The overall gameplay seems imbalanced up until you get your first companion. There are almost no single-creature encounters, so when you're fighting one-on-four, you can quickly become overwhelmed. However, as soon as you adopt a healer, the challenge evens out. I quite like the additional depth offered by the NPC story arcs; I'm especially curious as to the full back-story of Morka, the guilt-wracked female troll with whom I'm running.

One feature that needs to be mentioned is the enemy level system. Like Morrowind and Oblivion, Silverfall monsters level on-the-fly with your avatar. No matter where you go, creatures will always be one to three levels higher than you. I personally find this somewhat frustrating, until I remind myself, "There is a reason I level up so quickly." Then my annoyance melts away.

I should also mention Atari's strange setup for digital download. Keep in mind, this does not in any way effect the score of this game and I mention it only so that you have an idea of what to expect if you decide to purchase online. When you buy directly from Atari, they give you 28 .RAR files and an executable for extraction. In total, this is 6.91GB in size. The idea is that you can burn these to a DVD for future installs. After this, the executable extracts the files to a temporary folder, which is another 6.91GB in size. From there, the temp folder installs to the final game directory, which is 9.02GB. Here's the catch: the temp folder doesn't delete itself. Thus, if you don't burn the .RAR files straight away and manually delete the temp folder, you'll have roughly 23GB of hard drive space taken up by Silverfall. It's easy enough to remedy, but at least now you know before going in that you need plenty of room before you can casually purchase this from Atari.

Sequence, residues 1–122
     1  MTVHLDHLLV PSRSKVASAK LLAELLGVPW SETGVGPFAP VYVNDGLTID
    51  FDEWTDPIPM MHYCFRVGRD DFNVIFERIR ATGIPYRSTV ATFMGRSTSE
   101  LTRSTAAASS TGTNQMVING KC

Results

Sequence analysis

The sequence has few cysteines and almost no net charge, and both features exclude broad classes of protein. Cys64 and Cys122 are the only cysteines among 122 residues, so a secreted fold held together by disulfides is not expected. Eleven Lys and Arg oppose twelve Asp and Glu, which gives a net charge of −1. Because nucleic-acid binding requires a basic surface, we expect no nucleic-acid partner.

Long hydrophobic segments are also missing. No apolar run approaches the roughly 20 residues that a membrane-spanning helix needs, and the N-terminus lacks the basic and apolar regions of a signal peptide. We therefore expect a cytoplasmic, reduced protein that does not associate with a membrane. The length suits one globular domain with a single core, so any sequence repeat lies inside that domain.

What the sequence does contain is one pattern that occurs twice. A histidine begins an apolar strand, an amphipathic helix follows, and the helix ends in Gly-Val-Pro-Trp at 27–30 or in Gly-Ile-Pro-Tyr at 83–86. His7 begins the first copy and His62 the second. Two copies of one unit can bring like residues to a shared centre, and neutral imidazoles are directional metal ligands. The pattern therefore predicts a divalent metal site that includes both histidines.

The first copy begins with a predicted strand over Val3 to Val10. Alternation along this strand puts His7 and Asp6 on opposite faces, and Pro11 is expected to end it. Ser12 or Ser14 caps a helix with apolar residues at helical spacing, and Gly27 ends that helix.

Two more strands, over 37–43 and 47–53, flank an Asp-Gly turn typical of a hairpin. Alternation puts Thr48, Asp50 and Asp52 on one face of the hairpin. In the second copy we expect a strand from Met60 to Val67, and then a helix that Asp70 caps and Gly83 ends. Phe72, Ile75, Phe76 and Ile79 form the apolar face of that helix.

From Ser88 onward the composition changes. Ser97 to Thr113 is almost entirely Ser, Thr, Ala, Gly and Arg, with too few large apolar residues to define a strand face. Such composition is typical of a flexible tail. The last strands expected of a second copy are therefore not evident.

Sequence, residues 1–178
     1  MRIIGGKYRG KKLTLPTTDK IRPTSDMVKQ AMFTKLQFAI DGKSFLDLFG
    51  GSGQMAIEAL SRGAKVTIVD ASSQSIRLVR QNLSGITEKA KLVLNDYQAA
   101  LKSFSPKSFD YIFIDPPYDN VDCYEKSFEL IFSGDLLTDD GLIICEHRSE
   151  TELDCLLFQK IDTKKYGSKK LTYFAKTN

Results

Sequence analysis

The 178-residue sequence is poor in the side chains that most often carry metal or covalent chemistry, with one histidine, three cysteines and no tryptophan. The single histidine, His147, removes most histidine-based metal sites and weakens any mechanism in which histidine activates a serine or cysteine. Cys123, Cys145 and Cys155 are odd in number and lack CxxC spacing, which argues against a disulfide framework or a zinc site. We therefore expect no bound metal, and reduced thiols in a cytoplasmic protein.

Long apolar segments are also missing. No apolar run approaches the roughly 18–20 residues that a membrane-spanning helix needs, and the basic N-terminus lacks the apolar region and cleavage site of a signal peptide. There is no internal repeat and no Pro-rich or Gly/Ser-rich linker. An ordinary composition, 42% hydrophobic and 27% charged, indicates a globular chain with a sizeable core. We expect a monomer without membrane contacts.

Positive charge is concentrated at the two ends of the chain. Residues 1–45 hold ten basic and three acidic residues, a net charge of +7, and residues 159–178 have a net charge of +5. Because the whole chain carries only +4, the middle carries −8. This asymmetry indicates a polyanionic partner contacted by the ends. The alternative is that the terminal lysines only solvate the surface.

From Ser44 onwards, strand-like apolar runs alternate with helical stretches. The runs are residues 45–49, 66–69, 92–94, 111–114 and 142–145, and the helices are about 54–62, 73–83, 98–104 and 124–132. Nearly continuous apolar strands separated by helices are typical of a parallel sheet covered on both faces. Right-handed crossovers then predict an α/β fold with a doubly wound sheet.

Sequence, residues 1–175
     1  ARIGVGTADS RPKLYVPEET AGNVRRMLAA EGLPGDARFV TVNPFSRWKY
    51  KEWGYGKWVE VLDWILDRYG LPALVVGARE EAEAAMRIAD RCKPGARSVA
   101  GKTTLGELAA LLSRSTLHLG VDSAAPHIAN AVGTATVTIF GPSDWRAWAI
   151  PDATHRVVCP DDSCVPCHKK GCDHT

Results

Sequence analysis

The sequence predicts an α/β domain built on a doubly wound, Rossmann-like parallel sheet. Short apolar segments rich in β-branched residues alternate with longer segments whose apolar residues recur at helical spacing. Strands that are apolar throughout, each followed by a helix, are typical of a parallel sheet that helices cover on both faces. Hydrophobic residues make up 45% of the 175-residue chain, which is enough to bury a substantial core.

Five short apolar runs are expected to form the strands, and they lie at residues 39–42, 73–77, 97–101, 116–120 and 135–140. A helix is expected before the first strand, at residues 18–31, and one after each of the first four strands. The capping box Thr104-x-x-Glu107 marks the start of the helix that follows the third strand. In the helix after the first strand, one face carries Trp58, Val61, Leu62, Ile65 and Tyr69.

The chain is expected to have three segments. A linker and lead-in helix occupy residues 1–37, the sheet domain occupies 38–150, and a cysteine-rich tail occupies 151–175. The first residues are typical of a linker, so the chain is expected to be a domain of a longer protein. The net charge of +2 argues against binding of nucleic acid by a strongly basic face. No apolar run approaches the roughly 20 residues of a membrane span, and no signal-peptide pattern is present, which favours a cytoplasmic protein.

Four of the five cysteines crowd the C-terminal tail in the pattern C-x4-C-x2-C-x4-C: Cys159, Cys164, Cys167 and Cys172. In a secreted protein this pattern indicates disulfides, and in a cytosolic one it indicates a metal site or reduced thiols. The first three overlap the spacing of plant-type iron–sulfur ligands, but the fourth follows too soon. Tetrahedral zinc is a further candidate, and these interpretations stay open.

So is Silverfall "worth playing?" Absolutely. It's gorgeous (if you have a high-end system), it's fun, and it has some truly unique features that set it apart from the pack. With time, there might even be some patches that clear up the remaining oversights, like the interface and the auto-save. However, even with these issues in place, I recommend Silverfall. When you think about it, this is the first steampunk title since Arcanum: Of Steamworks and Magick Obscura, and for that reason alone, it deserves all the love it can get!

Score: 8.5/10


More articles about Silverfall
blog comments powered by Disqus